Given that this more substantial type of love is a behaviour, you can become more skillful by practice. Love is not just simply a matter of feeling romantic, it is a series of behaviours which you can practise on a daily basis to help you become more skillful at loving. So, while the romantic feeling of being in love is like riding a tidal wave, ultimately the tidal wave recedes and you are left with the day to day issues of living a relationship. It is at this stage that love changes to a more meaningful set of behaviours.
By Dr Love
Want to learn to be the best in bed and really enjoy yourself? With Valentine’s Day just around the corner, SheSaid asked a few guys to give us some insider tips on sex.
“One thing a woman should always do is flatter your sleeping partner. Don’t’ ever insult his shape or size. Nothing turns me off more when a girl tells me my abs could do with some work,” says 28 year-old Marketing Manager Mark. “Lets admit it – a little bit of flattery doesn’t hurt anyone. Especially in bed.” Mark admits if a girl makes him feel hot and sexy he will stop worrying about his personal image and really enjoy himself and her.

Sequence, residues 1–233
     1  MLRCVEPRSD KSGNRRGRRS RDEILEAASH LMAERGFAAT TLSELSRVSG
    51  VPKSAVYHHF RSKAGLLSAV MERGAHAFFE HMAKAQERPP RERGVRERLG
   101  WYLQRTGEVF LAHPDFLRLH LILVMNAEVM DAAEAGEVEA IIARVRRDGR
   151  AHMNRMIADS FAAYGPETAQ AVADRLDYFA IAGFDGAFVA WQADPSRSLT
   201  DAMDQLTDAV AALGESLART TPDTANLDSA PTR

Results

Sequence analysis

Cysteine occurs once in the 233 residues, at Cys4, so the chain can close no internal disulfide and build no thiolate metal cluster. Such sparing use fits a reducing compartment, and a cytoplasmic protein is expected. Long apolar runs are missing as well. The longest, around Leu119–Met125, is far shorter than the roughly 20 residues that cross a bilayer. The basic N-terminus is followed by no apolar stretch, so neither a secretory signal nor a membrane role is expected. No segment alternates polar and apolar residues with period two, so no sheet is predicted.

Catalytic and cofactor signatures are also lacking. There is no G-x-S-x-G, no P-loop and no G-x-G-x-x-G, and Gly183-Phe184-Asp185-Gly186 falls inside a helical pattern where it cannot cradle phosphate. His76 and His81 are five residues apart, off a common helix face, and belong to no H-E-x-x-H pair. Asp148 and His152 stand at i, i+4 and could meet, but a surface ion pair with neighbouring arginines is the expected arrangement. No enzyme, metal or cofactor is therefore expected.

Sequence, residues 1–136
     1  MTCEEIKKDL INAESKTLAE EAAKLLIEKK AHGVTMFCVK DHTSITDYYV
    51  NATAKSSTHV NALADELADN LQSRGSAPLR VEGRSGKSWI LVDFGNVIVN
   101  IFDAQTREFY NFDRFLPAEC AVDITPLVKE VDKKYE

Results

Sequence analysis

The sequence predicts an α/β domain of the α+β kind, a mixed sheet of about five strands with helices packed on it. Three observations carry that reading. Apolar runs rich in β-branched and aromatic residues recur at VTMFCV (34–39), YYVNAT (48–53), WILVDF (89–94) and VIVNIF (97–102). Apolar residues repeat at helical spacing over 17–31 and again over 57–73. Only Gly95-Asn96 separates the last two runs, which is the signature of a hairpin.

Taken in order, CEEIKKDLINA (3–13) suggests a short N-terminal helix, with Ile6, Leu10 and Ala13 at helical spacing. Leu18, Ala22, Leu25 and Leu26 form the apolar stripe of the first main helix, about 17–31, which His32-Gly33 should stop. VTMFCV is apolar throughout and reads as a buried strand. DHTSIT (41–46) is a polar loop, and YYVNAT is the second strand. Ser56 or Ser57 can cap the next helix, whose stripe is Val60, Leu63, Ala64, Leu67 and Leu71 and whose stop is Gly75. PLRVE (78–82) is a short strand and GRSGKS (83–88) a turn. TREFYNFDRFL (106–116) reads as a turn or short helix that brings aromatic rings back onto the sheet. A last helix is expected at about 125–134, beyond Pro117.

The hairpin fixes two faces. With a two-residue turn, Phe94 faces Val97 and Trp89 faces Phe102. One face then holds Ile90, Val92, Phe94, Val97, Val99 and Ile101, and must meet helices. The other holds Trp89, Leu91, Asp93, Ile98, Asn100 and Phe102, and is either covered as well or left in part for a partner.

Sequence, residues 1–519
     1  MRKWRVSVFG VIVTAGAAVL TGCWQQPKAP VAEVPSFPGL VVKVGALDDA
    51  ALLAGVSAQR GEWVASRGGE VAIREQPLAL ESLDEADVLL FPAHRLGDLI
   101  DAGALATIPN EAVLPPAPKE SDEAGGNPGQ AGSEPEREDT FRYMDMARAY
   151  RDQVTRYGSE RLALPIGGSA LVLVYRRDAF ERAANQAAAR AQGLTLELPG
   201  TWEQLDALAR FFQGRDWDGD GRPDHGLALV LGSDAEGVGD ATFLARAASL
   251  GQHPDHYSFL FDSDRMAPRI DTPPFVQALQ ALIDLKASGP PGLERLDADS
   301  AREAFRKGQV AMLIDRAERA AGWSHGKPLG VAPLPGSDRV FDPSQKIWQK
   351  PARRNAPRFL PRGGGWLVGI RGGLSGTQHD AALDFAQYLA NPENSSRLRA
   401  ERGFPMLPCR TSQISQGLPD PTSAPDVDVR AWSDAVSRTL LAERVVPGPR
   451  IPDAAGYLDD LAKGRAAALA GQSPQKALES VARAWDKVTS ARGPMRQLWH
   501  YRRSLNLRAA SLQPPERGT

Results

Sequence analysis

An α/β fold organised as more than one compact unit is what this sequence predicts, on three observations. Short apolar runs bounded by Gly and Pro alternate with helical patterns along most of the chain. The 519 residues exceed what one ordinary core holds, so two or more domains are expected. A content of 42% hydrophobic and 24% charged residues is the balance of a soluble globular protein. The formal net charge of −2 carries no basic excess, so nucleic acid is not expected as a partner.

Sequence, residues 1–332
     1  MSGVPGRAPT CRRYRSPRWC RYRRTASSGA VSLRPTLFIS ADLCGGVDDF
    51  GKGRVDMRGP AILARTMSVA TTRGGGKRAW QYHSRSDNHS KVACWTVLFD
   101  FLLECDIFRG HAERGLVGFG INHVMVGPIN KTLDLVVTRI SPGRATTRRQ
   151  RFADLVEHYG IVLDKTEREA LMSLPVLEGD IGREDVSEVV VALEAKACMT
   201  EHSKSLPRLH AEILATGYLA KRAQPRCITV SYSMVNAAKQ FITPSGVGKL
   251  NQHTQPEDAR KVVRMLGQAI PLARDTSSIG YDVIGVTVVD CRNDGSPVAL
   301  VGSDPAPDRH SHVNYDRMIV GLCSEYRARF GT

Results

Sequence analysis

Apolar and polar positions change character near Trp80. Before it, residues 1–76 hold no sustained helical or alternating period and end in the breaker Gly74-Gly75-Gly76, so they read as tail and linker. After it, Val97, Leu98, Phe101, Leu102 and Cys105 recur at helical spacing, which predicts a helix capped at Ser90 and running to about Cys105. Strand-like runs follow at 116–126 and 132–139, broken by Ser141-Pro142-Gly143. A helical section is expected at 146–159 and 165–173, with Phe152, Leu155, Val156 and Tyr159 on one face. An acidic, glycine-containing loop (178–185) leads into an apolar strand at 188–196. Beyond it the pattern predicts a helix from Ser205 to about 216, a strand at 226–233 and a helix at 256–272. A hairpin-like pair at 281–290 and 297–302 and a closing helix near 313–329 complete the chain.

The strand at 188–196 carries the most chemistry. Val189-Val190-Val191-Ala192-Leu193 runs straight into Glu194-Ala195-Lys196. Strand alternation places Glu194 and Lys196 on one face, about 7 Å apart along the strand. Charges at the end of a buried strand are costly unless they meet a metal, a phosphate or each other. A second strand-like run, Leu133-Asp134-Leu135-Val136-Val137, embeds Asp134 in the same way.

- Sean a 32 year-old Banker says, “To have steamy sex a girl needs to know what turns her on and not be ashamed about talking about it. She needs to be aware of her G-spot or what positions make her orgasm. I honestly prefer women who are open and honest about what is good for them. Communication is the key – being able to talk about what didn’t work and what did work is only going to improve your sex life with that girl.”
Scott a 24-year old builder says, ” I don’t think steamy as you say sex has to involve intercourse. For many men oral sex is more passionate and more intense. Foreplay can be just as incredible as it forces you both to concentrate on both your bodies rather than just ‘sex’.”
- Twenty-nine year-old Tim says, ” One of the most attractive features of a girl is when she is totally happy with who she is. I often think what I like about myself and try to find a like-minded partner. The key to this is finding someone who treats you with respect and likes you for you. When you both respect each other your sex life will automatically be incredible.”
- Matthew, 24 year old student says, “Always make time for sex. don’t put it off. If you find your sex life is getting a little dull then try different positions or even locations such as a secluded beach.